TONIGHT'S MUST-SEE: “Phil Spector,”
9-10:30 p.m., HBO.
Any film about Phil Spector – a
brilliant music producer, a strange person – and his murder trial
would be fascinating. But writer-director David Mamet decided to
create his own reality.
Mamet doesn't claim this is a
docudrama. He invents brilliant bursts of dialog, then gives them to
some of the world's best actors. Al Pacino soars as Spector; Helen
Mirren and Jeffrey Tambor are perfect as his wary lawyers. The result
– whether truth or fiction – is compelling.
TONIGHT'S MUST-SEE II: “The Good
Wife,” 9 p.m. (or later, with basketball overrun), CBS.
In a neat switch of styles, this
episode covers only a few hours on St. Patrick's Day.
That starts and ends at a black-tie
dance. (Julianna Margulies, as Alicia, looks great in her red gown.)
Soon, police tell of a murder and Alicia's daughter learns her mom
was pregnant when she married.
Several people lie and one lands a
punch. There are fine moments with recurring guest stars – Matthew
Perry, Stockard Channing, Amanda Peet – plus the great John Noble
(“Fringe”) as the slain client.
TONIGHT'S ALTERNATIVE: “The Bible,”
8-10 p.m., History.
Here's the fourth piece of the
five-part miniseries (with reruns of the previous ones starting at
2). It shows off the strength and weakness of the series.
The strength – a big story, told with
rich detail and an appealing cast. Diogo Morgado plays Jesus, with
Roma Downey (who produced this with her husband Mark Burnett) as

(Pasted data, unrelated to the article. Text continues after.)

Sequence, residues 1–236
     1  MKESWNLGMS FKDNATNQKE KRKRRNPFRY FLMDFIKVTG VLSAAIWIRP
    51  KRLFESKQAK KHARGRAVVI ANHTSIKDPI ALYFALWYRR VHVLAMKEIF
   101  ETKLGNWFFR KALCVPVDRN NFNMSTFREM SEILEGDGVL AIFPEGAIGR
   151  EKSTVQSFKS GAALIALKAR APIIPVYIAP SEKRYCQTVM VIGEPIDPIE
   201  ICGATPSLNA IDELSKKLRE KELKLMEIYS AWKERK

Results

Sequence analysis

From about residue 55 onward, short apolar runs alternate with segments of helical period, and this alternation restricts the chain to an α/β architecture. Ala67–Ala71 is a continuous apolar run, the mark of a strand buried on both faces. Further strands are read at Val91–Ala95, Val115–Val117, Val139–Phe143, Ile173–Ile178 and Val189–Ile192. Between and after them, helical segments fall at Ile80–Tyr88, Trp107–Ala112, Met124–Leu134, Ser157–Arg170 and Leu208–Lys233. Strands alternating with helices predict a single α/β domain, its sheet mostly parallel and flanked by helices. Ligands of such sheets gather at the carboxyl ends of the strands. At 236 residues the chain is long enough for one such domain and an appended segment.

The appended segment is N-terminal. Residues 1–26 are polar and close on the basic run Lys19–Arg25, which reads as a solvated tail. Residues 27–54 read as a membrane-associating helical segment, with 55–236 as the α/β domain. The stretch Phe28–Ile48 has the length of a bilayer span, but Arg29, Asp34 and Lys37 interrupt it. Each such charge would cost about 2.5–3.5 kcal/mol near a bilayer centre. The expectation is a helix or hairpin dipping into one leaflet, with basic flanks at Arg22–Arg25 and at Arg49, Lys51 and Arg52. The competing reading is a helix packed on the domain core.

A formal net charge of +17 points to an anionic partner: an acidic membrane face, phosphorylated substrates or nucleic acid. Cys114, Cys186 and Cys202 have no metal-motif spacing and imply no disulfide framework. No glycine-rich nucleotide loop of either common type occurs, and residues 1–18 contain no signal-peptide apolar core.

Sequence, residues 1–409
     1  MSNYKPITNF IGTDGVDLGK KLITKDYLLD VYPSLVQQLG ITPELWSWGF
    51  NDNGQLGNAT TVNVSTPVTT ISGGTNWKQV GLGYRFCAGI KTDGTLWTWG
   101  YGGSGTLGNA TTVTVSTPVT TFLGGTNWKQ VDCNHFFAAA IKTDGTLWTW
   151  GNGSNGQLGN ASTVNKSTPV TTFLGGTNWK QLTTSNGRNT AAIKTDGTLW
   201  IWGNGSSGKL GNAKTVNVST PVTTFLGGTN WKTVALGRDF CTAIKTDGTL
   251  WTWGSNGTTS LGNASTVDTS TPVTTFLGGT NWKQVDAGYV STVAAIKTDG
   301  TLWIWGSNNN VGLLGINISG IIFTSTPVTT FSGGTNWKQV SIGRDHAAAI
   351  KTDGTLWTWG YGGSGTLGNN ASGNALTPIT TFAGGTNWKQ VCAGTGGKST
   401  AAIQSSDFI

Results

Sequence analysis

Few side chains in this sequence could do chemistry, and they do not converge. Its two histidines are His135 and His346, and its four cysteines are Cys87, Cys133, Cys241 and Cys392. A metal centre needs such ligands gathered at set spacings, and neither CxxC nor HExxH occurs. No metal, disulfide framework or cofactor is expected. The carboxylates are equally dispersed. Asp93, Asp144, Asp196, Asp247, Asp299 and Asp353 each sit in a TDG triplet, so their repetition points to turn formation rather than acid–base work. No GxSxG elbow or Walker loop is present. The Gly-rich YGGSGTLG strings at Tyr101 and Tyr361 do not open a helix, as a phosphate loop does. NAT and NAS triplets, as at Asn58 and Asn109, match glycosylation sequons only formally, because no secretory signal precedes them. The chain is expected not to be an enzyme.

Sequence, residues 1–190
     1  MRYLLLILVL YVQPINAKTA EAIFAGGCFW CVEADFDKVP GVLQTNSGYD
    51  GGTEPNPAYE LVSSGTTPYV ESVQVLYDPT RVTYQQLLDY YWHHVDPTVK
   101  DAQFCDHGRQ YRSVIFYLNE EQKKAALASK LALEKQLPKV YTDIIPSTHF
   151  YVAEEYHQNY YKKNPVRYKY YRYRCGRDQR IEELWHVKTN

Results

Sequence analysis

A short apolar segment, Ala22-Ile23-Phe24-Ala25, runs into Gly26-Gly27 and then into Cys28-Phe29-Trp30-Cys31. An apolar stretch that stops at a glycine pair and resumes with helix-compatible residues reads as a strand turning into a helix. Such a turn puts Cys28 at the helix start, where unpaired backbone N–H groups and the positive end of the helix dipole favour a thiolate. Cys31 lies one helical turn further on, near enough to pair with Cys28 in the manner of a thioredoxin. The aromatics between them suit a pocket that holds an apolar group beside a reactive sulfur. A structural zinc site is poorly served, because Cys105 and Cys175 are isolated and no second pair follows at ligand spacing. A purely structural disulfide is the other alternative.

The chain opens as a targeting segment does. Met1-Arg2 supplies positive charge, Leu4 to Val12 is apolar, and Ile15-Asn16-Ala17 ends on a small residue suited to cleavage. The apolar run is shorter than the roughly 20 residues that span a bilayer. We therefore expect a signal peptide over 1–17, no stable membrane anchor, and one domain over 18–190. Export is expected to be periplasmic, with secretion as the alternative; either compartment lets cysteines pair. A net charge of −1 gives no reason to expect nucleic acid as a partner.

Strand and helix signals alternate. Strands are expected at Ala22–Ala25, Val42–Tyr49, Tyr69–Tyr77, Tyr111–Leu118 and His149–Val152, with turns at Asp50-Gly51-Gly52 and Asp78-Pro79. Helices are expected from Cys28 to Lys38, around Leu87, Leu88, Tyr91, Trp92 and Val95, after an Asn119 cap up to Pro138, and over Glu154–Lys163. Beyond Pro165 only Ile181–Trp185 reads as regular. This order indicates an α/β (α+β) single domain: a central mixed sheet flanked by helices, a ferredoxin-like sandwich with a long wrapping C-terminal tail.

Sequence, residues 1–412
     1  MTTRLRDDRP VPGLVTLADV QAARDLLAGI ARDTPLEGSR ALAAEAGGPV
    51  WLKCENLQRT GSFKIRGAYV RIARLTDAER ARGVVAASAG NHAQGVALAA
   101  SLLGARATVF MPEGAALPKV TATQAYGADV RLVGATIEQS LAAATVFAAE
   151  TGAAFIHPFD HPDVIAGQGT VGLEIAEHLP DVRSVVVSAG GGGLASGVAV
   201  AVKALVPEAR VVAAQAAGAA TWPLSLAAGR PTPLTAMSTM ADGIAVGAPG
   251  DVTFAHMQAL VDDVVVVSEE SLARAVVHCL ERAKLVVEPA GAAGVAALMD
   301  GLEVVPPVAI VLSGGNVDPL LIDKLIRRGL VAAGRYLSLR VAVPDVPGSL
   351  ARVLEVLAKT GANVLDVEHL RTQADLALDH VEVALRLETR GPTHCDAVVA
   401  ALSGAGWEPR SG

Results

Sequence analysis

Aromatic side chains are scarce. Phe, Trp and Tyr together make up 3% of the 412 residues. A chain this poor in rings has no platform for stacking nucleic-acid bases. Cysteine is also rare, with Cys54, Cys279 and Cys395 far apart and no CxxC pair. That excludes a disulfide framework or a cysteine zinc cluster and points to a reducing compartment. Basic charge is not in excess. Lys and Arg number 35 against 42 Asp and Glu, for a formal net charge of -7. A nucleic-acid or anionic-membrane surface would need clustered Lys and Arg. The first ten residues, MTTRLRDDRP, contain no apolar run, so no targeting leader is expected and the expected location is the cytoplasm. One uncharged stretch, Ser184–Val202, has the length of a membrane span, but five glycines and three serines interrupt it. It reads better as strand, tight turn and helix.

The weakness: This keeps veering
darkward, almost obsessively. We're now to the gospel (a word derived
from “good news”), but the grim schemes quickly overshadow the
Jesus joy. Also, the casting – sweet faces for the disciples,
fierce ones for the Jewish elders – borders on bias.
Other choices include:
– Basketball, all-day. CBS starts
this with a triple-header at noon ET. It will finish at 7 (or a bit
later), with cable taking over at night. TNT has two games, starting
at 6 p.m.; TBS has two, starting at 7, and TruTV has one at 7:30. At
the end of the night, the college tourney will have its sweet 16.
– “Live at Lincoln Center” and
“Masterpiece Contemporary,” 8 and 9 p.m., PBS. As pledge drives
conclude, some stations (check local listings) have a big
show-business night: Kristin Chenoweth sings a tribute to Broadway's
women; then there's a rerun of “The Song of Lunch,” a neatly odd
little two-person playlet, smartly written and drolly played by Alan
Rickman and Emma Thompson.
– “Married to Medicine” debut, 9
p.m., Bravo. Fresh from the “Real Housewives of Atlanta”
season-finale at 8 p.m., we meet some more Atlanta women. Two are
doctors, four are doctors' wives, all are attractive, many are
overwrought. By talking a lot, they turn harmless comments into a
– “Vikings,”10 p.m., History. The
first western invasion was simple, butchering some helpless monks.
This second one takes strategy and then an all-out battle. And once
he's back, Raynar faces the tribal chief and a murder trial, in
another fairly good episode.
– “Red Widow,” 10:01 p.m., ABC.
Even in a multi-tasking world, Marta's life is overcrowded. Her older
son has sex; her younger son has show-and-tell. She's a widow, a
businesswoman, a police informant and a novice for Schiller, the
crime lord. In an excellent episode, things gets more complicated
when Schiller works with a big-time crook who shares Marta's Russian